Unemployment, My Old Friend

September 20, 2018

Today was my last day at a company I’ve worked at for 3 1/2 years. It doesn’t sound like a lot — when compared to the 25 years my dad’s put into his job, 3 1/2 is the blink of an eye — but giving this job up comes with the weight of sacrifice.

Over curry tacos and a spread of cookies, my coworkers asked where I’m off to, what big plans were next for me. “Salt Lake City,” I said, as if the name itself could muster the illusion of big plans, a commute by train every morning, a stop at a coffee shop where I’d strictly order hot chocolate like the Mormon I am, then rush off to my nine to five in my kitten heels and matted lip, pitching some hot scoop to a brooding senior editor who’d promote me at year’s end for being “a rising star” in the world of journalism or publishing.

“Salt Lake City,” I said. _I don’t know, _I meant.

I’d been a college grad for a year when I got this job. I’d stumbled into a relationship I had no business being in, given up a dream internship that would have projected me into the world of publishing, spent several weeks in a tormented, fetal curl on my parents’ couch, wishing to end it all because my anxiety was so bad. I’d attempted tutoring and my anxiety hated it. I’d spent a week crunching numbers to train for a position as a billing manager, which I realized, by week’s end, would shove me deeper into the rabbit hole of self-loathing and depression. I broke up with my boyfriend (or rather, he broke up with me), I spent a winter in the mountains healing, then come spring, I was weeding and fertilizing the garden of a cold and wealthy homeowner for $12 an hour. I wrote my best stuff then, being somewhere in-between employed and unemployed.

Then I decided I needed income, applied to be a cashier at a local sporting goods store, and ended up counting coins for a month until I was promoted to online customer service manager/blog writer. Three and a half years later, I walk away from the position of events coordinator and social media manager. If you’re asking how that happened, the answer has to be initiative and tenacity, because I have no idea. [My English degree, she thinks snidely to spite the critics.]

Over the past three years, I’ve learned how to tell people ‘no’ and when to tell people ‘yes’. I’ve picked up several hobbies I can’t afford (thank you, employee discount). I’ve been in many rants about sexism and politics with coworkers who I now know mostly did it to egg me on. They sat through a complete snot and tears meltdown the day after Election Day, to their credit. Someone told me “f— yourself” over the phone. Many someones told me I’d ruined their Christmas. I hosted a grand opening event for a second store two hours away that just about killed me. Pro skier Tom Wallisch will never speak to me again after I made him wait an hour in the freezing night air to premiere his new movie. I spoke to Donovan Mitchell once — through Instagram messages, which some would say doesn’t count, but let me feel validated by this ONE thing, okay? I walked up and down many flights of stairs, printed and cut thousands of signs, cried in the bathroom more than once and in front of my boss at least twice. I developed a strong loathing of Black Friday and an equally passionate disdain for Cyber Monday. I had a crush on a climber with a man bun who worked in the camping department, which was very on brand for me. I started and ended the best and hardest relationship I’ve ever had off the clock, the anxiety about which left me hurting quietly on the clock. I bought my first and then second pair of Nike shoes and my first set of skis, which I hope to use for the first time this year. I became louder, more assertive. And I met one of the greatest casts of coworkers I’ve ever had. I’ll miss them, miss their customer drama, their podcast recommendations, even their semi-annual blowups.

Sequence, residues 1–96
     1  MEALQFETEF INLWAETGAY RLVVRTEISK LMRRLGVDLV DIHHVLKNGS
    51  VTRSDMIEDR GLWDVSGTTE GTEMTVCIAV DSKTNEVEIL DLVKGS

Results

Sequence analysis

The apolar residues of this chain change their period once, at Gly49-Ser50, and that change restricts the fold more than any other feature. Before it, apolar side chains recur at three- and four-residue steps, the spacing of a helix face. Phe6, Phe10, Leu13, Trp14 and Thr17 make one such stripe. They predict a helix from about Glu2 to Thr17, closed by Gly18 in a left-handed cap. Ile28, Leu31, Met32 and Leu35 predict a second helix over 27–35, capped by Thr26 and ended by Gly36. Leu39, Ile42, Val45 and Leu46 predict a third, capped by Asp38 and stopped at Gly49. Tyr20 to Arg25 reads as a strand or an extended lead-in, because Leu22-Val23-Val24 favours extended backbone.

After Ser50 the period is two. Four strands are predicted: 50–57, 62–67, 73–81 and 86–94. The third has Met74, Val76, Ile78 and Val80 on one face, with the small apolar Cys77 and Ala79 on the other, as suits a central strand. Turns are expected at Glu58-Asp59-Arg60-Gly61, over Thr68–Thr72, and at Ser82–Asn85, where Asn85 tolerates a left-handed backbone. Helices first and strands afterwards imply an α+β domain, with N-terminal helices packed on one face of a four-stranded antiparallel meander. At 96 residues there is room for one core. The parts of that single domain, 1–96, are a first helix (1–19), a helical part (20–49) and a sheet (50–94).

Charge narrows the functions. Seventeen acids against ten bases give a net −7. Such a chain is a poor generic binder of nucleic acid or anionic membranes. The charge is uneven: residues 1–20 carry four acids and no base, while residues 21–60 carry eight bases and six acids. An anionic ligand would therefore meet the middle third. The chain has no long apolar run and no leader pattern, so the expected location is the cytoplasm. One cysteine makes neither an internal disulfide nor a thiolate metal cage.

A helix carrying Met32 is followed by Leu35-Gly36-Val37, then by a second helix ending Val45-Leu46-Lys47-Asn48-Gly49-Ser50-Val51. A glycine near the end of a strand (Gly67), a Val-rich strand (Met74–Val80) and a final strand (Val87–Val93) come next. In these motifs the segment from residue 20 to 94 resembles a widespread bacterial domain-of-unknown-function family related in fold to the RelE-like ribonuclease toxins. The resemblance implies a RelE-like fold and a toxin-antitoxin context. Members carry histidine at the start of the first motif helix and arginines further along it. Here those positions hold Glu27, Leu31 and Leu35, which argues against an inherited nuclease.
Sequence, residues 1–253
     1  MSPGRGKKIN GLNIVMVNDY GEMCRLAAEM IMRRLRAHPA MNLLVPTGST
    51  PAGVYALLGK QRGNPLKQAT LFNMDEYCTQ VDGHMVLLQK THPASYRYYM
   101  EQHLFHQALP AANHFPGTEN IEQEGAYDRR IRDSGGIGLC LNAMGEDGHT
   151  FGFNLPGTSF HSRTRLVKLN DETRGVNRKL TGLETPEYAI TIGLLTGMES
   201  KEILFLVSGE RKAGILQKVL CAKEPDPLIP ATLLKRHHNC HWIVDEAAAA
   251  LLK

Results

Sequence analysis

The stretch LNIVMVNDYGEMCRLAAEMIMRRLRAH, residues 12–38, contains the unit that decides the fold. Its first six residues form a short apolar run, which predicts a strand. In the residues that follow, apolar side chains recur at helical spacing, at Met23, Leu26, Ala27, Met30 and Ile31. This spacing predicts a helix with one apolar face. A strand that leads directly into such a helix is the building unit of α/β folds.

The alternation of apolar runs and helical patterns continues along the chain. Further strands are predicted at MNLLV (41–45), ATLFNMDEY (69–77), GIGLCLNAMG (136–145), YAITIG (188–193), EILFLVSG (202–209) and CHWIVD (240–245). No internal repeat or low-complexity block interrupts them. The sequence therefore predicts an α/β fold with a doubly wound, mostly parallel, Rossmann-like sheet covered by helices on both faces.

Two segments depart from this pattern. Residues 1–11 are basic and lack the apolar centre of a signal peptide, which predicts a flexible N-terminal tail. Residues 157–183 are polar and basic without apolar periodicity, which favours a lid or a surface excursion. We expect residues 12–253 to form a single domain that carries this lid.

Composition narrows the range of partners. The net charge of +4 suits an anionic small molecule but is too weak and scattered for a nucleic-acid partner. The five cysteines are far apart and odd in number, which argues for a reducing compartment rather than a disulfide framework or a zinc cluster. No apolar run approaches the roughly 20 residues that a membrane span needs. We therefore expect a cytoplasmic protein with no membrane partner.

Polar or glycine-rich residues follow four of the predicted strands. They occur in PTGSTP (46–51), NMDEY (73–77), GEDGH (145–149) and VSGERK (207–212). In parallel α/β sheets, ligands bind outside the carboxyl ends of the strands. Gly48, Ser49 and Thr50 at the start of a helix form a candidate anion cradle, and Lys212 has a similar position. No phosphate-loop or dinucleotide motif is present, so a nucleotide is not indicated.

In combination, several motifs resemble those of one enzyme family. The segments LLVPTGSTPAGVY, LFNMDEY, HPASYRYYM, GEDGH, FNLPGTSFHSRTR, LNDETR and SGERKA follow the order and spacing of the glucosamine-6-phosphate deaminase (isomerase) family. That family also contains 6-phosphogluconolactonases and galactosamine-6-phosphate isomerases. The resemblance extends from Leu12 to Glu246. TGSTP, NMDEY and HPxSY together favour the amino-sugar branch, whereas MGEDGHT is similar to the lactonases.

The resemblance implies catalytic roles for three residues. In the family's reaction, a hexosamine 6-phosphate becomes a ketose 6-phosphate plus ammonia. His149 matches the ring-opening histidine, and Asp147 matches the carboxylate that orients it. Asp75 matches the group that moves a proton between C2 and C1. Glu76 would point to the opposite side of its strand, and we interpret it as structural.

Why did I quit? Hunger for change. The deluded assumption that a really fun job I’d applied for in Salt Lake City was going to work out — it didn’t. “I’ll tentatively quit at the end of the month,” I told my bosses. She’s__ going to quit at the end of the month, they heard, giving away my desk, assigning me an end date. It feels premature, but I can’t change it.

So here I am, flying by the seat of my pants, slipping back into the unemployment club. I don’t know if Salt Lake City’s where I need to go. I don’t know many things right now. What I do know is that unemployment is when I have the best writing of my life, so buckle up, kids. Ari is back.

PS: if you hear of any job openings anywhere, I’m your girl.

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